Head from Fantasyland to Tomorrowland. You’ll encounter the Tomorrowland Speedway first, which kids love, especially if you let them steer while you push the gas pedal. Also entertaining is the Buzz Lightyear’s Space Ranger Spin, where riders use lasers to hit targets and collect points. Don’t miss Space Mountain. Even if your kids are too small or don’t want to ride it, make sure all the grownups in your group get to ride this classic. (Click here to read more about Space Mountain) Ask a castmember working at the entrance about using a rider switch. One grownup rides, while the other watches the children, then the grownups swap without having to wait in line again. When you are the parent waiting with the kids, ride the PeopleMover then the Carousel of Progress—two attractions that are quintessential Disney and relaxing.
#4 Reserve a Character Meal
Both Cinderella’s Castle and the Crystal Palace offer character meals. Choose the location based on whether you want to eat with princesses or Pooh and friends.
#5 Liberty Square and Frontierland
For young kids, the stockades are a fun photo op, the Country Bear Jamboree is all silliness, the Frontierland Shootin’ Arcade is old fashioned fun, and Tom Sawyer Island is a place a kid can run ahead without getting swallowed up by a crowd.
Sail upon the classic Pirates of the Caribbean attraction and then browse the pirate shop afterward. Try the Jungle Cruise next (reserve an afternoon FastPass in advance) followed by a trip to Aloha Isle for a beloved Dole Whip. (The corn dog cart in Adventureland is also pretty good.) If your family has the energy to climb into the fantastical Swiss Family Treehouse, go for it. Whether the treehouse is an attraction or just stairs is a huge debate among Disney fans.
#7 Souvenir Shopping
Don’t wait until the end of the night to browse for souvenirs. This is a fun afternoon activity. The Emporium is where you’ll find your traditional goods and toys. Young kids will be less interested in the offerings across the street: purses, jewelry, crystal and other things that cannot be touched. They will love Main Street Confectionery, however, and The Chapeau, where the perfect ears hat is just waiting to be found.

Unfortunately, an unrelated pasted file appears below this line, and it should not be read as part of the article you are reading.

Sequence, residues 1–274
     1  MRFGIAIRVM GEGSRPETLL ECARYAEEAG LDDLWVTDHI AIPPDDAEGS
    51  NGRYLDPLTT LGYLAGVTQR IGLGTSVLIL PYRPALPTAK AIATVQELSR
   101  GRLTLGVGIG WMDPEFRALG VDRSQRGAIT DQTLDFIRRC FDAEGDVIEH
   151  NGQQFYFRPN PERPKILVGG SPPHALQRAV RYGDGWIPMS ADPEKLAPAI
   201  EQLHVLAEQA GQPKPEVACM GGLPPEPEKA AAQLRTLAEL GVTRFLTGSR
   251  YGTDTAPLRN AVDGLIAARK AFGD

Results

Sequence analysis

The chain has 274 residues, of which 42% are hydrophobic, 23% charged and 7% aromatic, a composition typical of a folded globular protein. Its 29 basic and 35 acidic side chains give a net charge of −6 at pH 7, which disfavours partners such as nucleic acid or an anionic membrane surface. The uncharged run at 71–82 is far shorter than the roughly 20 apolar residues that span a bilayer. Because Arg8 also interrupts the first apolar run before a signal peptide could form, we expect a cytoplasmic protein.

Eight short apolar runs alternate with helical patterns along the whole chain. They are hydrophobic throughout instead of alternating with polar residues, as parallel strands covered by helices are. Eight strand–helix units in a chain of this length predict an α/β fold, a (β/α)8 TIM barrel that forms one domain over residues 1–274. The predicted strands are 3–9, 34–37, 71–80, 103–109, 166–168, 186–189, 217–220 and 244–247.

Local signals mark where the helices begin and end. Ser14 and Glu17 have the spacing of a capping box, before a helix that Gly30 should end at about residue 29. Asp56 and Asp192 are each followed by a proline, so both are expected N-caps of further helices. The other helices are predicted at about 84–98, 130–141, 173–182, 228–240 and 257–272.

Not everyone loves a parade, but kids usually do. The Festival of Fantasy Parade marches down Main Street every afternoon, so it’s easy to pop out and see all the action at the end of your shopping spree. The nice thing about the parade is that the characters ride up high on floats so you can generally see even if you are not in the front row.
If you are staying at a Disney resort, I highly recommend returning to your hotel in the late afternoon for a nap, swim, or quiet time. If that’s not possible, leave the park for a few and take a trip on the famed Monorail. Resort hopping offers a small break from the crowds and noise. See Mary Blair’s mosaic of the Grand Canyon at the Contemporary, have Kona coffee or something stronger at the Polynesian, or stroll the lobby of the swanky Grand Floridian. I hear Cinderella and Prince Charming make an appearance around 3:30 p.m. (except on Tuesday). If you have a stroller, the sway of the vehicle may even put your little one to sleep. This is the perfect opportunity to stroll the grounds of any of these three resorts as your child rests.
This one is optional. The fireworks at Magic Kingdom are lovely, but for the five-and-under set, sometimes it’s hard to stay up that late. If you have a child who can sleep in a stroller, you can watch the fireworks from the shores of the Polynesian Resort where the noise is reduced. Another option is to save the show for a future visit. There’s no shame in putting the kiddos to bed, pouring a glass of wine, and catching the fireworks on YouTube.
Congratulations! You just had a magical day.
More stories from our First Time Visitor Series:
Part I Magic Kingdom With Young Children
Part II Epcot With Young Children
Part III Animal Kingdom With Young Children
Part IV Hollywood Studios With Young Children
Part V Magic Kingdom Without Children
Part VI Epcot Without Children
Part VII Animal Kingdom Without Children
Part VIII Hollywood Studios Without Children